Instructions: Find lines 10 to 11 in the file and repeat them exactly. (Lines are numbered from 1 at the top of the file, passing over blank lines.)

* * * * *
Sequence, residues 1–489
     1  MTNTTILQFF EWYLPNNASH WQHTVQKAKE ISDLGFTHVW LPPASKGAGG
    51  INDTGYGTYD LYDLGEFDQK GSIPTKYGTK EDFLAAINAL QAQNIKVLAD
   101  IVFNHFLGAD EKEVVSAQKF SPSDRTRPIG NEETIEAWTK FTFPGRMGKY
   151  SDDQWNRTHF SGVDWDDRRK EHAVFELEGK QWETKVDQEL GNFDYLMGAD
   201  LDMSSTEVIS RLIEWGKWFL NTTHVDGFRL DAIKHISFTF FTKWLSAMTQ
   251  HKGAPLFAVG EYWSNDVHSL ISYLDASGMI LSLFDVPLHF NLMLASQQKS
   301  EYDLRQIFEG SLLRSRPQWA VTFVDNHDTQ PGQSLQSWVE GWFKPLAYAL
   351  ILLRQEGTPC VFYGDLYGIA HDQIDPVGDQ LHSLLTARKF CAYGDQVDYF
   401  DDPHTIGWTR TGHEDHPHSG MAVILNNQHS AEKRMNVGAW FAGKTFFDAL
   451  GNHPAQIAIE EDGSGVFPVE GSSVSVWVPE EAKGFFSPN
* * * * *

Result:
   401  DDPHTIGWTR TGHEDHPHSG MAVILNNQHS AEKRMNVGAW FAGKTFFDAL
   451  GNHPAQIAIE EDGSGVFPVE GSSVSVWVPE EAKGFFSPN